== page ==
Sending metrics to controller

I am writing a P4 program in bmv2. I would like that every time a packet is processed and forwarded, another one is sent to the controller with relevant metrics about the processed packet, like timestamps or information about whether the packet has been dropped or not.

Is something like that possible? I have looked at the packetinout example in the p4-guide repository but I cannot figure out the way of implementing this behavior when forwarding through a switch port.


Hi Javier,

In simple terms, you need to clone the packet at either Ingress or Egress (imagine making a copy and processing it again). Once you make a copy, you can detect if this is a cloned packet and send a report to the controller. Maybe using an encapsulated packet or a special header. This reminds, to some extent, to the INT protocol and how people deal with reports to the collector. Check out this repository or this line of the GEANT’s INT repository. You probably need something similar to either Andy’s or GEANT’s code.

Consider that this will generate a tremendous amount of traffic, pretty much doubling the traffic. The controller might be able to process some packets. But in a real use case, I doubt that the controller can even parse even half of the packets that a switch ASIC could process. I would recommend some kind of arbitrary sampling to generate reports, just sometimes. In the long run, it will be statistically similar.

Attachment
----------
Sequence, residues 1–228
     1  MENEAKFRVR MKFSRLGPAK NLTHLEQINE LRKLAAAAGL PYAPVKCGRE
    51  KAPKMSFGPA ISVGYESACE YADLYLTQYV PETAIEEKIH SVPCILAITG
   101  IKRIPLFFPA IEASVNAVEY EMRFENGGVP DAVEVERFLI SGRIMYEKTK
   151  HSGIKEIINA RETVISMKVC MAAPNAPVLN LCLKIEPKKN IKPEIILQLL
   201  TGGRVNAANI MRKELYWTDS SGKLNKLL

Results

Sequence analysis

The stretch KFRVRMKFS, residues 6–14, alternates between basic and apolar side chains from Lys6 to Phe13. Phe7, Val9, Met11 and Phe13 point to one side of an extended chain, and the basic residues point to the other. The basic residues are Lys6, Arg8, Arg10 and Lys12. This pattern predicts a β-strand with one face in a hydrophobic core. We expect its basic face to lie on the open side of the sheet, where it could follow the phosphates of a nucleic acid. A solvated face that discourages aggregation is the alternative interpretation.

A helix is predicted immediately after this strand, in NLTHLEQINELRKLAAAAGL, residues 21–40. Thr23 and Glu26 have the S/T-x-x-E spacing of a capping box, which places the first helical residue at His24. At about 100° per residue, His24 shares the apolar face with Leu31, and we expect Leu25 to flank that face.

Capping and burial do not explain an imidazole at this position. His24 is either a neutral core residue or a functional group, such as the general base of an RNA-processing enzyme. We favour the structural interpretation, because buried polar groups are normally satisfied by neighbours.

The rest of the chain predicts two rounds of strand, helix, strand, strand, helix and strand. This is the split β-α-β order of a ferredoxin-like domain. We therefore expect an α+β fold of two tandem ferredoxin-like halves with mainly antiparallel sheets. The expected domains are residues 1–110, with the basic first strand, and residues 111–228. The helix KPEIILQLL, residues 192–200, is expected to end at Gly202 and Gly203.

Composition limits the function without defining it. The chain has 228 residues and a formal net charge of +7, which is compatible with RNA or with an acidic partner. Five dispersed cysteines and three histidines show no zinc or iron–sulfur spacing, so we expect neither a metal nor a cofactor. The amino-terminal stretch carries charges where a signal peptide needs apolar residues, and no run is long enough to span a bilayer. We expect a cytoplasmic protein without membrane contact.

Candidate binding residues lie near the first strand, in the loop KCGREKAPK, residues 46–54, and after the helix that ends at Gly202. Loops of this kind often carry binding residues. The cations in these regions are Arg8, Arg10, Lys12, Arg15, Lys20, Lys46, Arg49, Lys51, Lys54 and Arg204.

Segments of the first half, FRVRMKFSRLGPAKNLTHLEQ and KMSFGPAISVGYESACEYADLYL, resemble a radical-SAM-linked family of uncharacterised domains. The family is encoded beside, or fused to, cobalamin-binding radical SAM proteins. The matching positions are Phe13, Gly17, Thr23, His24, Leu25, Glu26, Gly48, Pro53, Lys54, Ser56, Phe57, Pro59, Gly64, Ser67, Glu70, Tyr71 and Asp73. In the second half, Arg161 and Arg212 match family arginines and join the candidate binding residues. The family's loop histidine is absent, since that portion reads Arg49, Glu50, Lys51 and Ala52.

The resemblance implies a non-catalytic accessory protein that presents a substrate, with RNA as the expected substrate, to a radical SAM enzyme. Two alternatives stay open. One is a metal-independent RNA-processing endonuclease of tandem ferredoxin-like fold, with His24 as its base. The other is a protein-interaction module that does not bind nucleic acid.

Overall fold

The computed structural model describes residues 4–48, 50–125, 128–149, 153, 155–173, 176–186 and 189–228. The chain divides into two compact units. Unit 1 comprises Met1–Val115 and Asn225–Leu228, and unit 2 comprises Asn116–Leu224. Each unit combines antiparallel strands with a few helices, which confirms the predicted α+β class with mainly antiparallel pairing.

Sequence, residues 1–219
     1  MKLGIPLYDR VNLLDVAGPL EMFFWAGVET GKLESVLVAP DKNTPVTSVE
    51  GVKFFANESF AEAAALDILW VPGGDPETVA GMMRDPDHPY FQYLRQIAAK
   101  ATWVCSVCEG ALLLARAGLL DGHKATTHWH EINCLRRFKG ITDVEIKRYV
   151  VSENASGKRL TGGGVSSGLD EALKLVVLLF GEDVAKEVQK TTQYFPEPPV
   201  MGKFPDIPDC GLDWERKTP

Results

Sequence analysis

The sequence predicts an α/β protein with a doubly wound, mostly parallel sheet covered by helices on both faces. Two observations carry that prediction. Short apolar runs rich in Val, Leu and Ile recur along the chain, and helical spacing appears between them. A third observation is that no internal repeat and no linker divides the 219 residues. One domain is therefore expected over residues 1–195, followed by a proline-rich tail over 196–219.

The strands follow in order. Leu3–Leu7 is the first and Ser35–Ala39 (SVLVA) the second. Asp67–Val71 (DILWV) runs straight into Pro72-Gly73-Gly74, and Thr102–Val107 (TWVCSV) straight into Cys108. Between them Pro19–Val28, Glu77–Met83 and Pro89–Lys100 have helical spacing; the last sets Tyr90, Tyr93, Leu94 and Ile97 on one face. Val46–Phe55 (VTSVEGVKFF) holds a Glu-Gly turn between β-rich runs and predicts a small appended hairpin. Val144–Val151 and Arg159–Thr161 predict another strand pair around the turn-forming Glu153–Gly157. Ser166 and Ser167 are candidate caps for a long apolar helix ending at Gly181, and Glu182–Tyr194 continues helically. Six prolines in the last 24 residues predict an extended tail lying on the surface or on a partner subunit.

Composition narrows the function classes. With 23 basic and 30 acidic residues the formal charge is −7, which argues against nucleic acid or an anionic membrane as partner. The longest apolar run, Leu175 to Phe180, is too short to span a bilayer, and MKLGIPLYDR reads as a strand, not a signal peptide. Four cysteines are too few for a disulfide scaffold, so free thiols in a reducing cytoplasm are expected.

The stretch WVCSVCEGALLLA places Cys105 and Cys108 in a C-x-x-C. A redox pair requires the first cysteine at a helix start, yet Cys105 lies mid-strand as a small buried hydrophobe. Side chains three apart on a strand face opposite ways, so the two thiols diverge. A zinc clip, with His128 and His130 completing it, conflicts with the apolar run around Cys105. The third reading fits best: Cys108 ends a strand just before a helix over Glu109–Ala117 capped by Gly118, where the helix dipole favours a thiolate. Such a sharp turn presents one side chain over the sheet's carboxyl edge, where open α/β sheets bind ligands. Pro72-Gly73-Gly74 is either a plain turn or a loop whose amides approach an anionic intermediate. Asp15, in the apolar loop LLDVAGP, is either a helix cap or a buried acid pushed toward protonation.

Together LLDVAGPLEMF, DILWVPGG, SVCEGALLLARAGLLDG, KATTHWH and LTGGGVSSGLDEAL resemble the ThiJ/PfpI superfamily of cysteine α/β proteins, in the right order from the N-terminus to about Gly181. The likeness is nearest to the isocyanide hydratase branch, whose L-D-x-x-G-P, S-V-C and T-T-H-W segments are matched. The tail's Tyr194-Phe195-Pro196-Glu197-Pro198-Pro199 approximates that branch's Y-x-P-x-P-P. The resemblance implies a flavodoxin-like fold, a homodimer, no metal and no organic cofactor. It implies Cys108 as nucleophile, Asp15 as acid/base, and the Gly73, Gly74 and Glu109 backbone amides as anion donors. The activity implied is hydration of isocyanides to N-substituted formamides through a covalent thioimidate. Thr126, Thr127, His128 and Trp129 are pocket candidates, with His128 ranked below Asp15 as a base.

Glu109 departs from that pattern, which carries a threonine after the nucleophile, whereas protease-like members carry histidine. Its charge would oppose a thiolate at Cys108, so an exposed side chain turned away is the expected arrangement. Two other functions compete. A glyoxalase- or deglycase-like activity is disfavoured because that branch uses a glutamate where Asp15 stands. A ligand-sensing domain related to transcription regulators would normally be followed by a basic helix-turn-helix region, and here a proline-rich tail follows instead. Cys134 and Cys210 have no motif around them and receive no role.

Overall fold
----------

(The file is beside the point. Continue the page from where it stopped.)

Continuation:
If anyone has something to say please add an answer! :slight_smile:


Thanks for your answer. I have followed the referenced repositories and it worked, my program clones the received packet and sends it to the controller through the CPU port. However, I cannot find a way to read these packets to check if the data in the packet is sent correctly. I am using a remote machine that acts as a controller by using the p4runtime-shell. At the end of the python program that populates the tables of the switches, I included the PacketIn.sniff function as it is described in the Packet IO example but no results were printed. Am I missing something?

Moreover, I am interested in what you proposed about generating reports, only sometimes. Could you develop the idea or provide me with an example of how to do it?

Thanks again for your help

Hi @jvm m